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Today’s Font Options For Your Website

design | web design by Shannon Noack on August 19, 2011 | 2 Comments

As we mentioned a few posts ago, font options used to be quite limited. The default way to render fonts online is to use the font library of the computer you’re browsing with. This is actually still true today (although this post will introduce other methods). Since Apple and PC computers come with different font options installed, you had to stick with a list of about 10 or so fonts that were considered web-safe fonts. These fonts were on every machine so it was safe to use them because you knew they would appear correctly on your site. Today, we have more options for fonts on your site so keep reading to find out more.


@font-face has been around for a while now but has really gained popularity in the last couple of years. It’s our favorite option here at Snoack Studios for implementing fun fonts. This option, along the with all of the options we’ll present today, allows the text to still be actual text (instead of a flash file or an image) so users can highlight it and search engines can read it. These are 2 big steps forward for online text.

Instead of using the default method to render a font, you add the actual font file to your website ftp and call it in through your CSS file. You can use most any licensed OpenType or TrueType font that you have in your possession, which opens the door for tons of great-looking fonts on your site. We like searching DaFont for great free OpenType and TrueType fonts to use. We recommend using this method to create better headlines and stand-out text. Stick with web-safe fonts like Helvetica and Arial for body copy, to keep things simple and help your site load faster.

Keep in mind it doesn’t work with every browser unfortunately, older browsers only use the default font rendering method. So you must take this into account and allow your fonts to degrade gracefully in your CSS files.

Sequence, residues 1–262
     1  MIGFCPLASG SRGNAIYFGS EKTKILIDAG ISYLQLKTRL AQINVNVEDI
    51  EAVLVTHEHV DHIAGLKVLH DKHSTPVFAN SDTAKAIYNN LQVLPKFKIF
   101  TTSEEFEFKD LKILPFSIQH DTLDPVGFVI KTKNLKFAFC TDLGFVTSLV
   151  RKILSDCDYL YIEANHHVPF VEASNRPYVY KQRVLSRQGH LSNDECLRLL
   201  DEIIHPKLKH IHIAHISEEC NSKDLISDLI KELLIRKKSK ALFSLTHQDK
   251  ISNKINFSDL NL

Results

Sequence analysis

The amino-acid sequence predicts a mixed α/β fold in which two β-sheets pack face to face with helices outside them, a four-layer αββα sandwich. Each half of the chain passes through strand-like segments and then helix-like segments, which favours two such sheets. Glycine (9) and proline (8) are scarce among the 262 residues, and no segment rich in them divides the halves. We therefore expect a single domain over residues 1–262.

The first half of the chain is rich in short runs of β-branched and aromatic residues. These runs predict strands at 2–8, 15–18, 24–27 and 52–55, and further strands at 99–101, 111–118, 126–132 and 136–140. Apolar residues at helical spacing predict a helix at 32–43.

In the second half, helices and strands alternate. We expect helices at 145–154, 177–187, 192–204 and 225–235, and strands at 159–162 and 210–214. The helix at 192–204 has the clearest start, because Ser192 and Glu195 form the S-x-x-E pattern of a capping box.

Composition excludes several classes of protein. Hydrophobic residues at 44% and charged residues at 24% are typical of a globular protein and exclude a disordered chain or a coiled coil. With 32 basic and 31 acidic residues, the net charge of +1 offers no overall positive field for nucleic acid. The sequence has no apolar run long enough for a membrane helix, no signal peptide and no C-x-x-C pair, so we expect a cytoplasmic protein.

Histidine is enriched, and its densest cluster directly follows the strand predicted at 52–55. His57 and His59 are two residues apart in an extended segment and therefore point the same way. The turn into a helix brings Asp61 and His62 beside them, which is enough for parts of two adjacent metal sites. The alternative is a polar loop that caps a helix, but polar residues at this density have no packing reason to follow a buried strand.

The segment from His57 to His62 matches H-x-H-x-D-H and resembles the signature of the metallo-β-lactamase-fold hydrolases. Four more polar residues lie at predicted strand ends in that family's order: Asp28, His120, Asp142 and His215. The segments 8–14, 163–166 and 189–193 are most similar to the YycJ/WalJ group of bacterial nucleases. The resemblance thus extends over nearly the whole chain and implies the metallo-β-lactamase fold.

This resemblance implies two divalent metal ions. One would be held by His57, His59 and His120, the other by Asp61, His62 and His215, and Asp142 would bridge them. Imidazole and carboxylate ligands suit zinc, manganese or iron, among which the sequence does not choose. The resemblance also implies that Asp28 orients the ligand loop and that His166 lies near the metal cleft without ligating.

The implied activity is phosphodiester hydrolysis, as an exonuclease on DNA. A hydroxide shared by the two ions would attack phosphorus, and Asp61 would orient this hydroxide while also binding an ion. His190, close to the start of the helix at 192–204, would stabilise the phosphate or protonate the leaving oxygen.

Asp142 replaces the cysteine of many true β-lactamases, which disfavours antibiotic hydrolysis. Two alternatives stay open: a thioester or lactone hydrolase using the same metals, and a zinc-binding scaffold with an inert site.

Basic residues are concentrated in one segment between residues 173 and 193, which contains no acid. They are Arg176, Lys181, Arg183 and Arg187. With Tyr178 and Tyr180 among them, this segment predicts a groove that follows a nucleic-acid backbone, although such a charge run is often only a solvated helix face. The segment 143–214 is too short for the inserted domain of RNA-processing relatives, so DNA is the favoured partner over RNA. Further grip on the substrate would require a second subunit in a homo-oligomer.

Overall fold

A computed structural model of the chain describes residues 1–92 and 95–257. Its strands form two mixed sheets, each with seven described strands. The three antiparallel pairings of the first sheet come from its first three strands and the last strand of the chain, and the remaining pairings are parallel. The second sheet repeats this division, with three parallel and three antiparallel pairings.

Google Web Fonts

Google created an online font library that’s free to use with quite a few fonts to choose from. Using a very similar method to @font-face, you can call in a great-looking font. With Google web fonts, they store the font for you, so you don’t have to have the license for the font or worry about storing it. Currently they have 238 Open Source fonts to choose from, which is great, giving you a bunch of options to choose from. Google also allows you to download the font for your own usage so your company can use the font online and offline if you choose to make one of these fonts your official company font.


Typekit also uses a similar method to embed fonts on your site, but boasts a much larger library to choose from. They do charge for the premium service, but they have several plans available so you can find something that best fits your needs. They store the font libraries for you and allow you to find that perfect font for your website, getting the ideal look you’re going for.

These are just a few of the options available today, there are even more out there to choose from. With all these options it’s easier than ever to have great looking typography that’s searchable, search-engine-friendly, and selectable. The look of a site depends heavily on the typography and font choices so spend some time looking into your options and choose something that fits your company and works well for you. Have fun with it too!


  1. Nina
    August 19, 2011 @ 8:35 am

    Great post and perfect timing! I was wondering about this exact issue when you helped me code the site we were working on together. Thanks!

  2. Shannon
    August 19, 2011 @ 8:41 am

    Thanks Nina! Yeah Google web fonts and are good resources to look through when designing a site. Both of those will provide quite a few options to choose from. Glad you found it useful!

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